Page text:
A study looking at the health care and support needs of cancer survivors

Cancer type:

Bowel (colorectal) cancer
Breast cancer
Prostate cancer





This study was done to find out if people who have had cancer in the past get the health care and support they need. This study was supported by Cancer Research UK.

The researchers wanted to learn more about the needs of people who have been affected by cancer in the past but who no longer see a hospital doctor.

The aim of the study was to find out if people who’d had breast cancer, bowel cancer (colorectal cancer) or prostate cancer more than 5 years ago get the health care and support they need.

Summary of results

The research team found many people who’d had cancer didn’t have extra psychological or health needs. But some people who did have unmet needs may need more support.

This trial recruited people who’d had treatment for breast, bowel or prostate cancer at least 5 years before.

The research team asked 1,275 people to fill out a questionnaire about their psychological and health needs. They had 659 completed questionnaires returned to them. They also interviewed 40 people to find about their needs in more detail.

They found that the overall number of unmet needs was low, with less than half of those taking part having 1 unmet need. The most common needs were concerns about cancer coming back again or long term side effects.

They also found that people didn’t feel their family doctor (GP) was important in long term follow up after treatment for cancer because they were not cancer experts. And that having short appointments and seeing different GPs made it difficult to talk about long term issues

The research team concluded that many people didn’t have psychological or health problems, or a large number of unmet needs. But that a small number of people might need more support.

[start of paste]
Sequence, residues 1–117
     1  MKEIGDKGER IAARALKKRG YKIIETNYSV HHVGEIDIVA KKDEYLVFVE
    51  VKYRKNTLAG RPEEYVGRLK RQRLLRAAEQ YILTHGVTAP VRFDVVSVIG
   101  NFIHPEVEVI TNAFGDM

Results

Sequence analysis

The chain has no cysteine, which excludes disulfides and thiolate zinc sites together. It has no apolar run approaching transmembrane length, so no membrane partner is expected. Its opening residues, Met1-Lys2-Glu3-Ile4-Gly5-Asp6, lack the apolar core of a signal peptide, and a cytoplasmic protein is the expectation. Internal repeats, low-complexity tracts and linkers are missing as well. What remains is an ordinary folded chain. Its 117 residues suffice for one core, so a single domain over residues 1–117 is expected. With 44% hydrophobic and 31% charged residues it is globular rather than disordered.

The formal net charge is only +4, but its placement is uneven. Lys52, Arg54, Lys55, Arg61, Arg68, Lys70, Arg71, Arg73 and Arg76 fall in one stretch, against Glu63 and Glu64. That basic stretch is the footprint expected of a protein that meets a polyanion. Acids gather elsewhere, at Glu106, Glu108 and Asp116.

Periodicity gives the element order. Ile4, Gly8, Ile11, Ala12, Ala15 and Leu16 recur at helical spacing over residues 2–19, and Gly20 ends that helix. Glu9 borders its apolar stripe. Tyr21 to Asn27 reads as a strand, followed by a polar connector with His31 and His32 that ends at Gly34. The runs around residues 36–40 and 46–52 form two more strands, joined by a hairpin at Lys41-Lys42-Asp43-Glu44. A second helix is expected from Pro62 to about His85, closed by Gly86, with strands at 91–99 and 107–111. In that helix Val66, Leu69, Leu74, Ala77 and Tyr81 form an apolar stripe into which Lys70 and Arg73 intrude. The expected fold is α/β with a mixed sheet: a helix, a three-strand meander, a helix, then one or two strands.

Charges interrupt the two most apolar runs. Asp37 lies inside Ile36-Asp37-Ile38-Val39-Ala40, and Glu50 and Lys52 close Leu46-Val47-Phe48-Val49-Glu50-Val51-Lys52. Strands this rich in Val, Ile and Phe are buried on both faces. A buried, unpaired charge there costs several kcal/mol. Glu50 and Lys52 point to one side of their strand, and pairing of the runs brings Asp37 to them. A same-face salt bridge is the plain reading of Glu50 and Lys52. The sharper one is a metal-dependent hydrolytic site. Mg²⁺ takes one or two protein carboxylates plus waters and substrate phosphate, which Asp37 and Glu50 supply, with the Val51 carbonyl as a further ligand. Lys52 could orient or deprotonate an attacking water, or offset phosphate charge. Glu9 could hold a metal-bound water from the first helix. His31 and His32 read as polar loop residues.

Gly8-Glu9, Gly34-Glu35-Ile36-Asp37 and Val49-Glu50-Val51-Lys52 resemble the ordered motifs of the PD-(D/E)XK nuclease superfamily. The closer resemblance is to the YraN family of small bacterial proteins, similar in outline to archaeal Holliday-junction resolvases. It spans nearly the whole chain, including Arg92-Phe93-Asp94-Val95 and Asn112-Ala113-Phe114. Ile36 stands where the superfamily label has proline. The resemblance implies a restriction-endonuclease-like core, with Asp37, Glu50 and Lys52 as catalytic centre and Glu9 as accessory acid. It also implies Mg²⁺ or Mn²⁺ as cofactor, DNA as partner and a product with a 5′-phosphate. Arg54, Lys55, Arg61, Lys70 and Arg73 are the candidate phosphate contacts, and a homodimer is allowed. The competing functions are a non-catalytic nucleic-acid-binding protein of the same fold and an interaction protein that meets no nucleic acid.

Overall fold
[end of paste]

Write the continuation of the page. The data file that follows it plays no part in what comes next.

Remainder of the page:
We have based this summary on information from the team who ran the trial. The information they sent us has been reviewed by independent specialists (peer reviewed Open a glossary item) and published in a medical journal. The figures we quote above were provided by the trial team. We have not analysed the data ourselves.

Recruitment start:

Recruitment end:

How to join a clinical trial

Please note: In order to join a trial you will need to discuss it with your doctor, unless otherwise specified.

Please note - unless we state otherwise in the summary, you need to talk to your doctor about joining a trial.

Chief Investigator

Dr Peter Rose

Supported by

Cancer Research UK
National Institute for Health Research Cancer Research Network (NCRN)
Northern and Yorkshire Cancer Registry and Information Service
Oxford Cancer Intelligence Unit
University of Oxford

Other information

This is Cancer Research UK trial number CRUK/07/070.

Questions about cancer? Contact our information nurses

Freephone 0808 800 4040

Last review date

CRUK internal database number:

Oracle 1079

Please note - unless we state otherwise in the summary, you need to talk to your doctor about joining a trial.

Wendy took part in a new trial studying the possible side effect of hearing loss

A picture of Wendy

"I was delighted to take part in a clinical trial as it has the potential to really help others in the future.”

Last reviewed:

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